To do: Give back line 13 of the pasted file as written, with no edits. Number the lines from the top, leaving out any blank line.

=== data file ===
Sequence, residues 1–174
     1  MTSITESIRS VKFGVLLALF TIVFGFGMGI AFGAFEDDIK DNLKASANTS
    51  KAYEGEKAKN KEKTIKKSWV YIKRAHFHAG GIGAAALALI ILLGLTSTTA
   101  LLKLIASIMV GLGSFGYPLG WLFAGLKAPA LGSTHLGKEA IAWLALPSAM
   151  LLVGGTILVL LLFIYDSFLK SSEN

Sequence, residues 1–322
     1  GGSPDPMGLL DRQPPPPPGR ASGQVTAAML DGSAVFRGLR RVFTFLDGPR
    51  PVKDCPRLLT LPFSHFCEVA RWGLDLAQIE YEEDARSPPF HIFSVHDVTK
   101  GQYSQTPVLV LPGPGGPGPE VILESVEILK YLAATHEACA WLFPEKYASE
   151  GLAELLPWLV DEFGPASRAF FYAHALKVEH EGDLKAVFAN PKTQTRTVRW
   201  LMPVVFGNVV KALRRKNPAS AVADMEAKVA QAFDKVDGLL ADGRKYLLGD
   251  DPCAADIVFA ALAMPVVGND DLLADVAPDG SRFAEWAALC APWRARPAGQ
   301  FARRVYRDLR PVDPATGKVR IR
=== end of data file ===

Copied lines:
   301  FARRVYRDLR PVDPATGKVR IR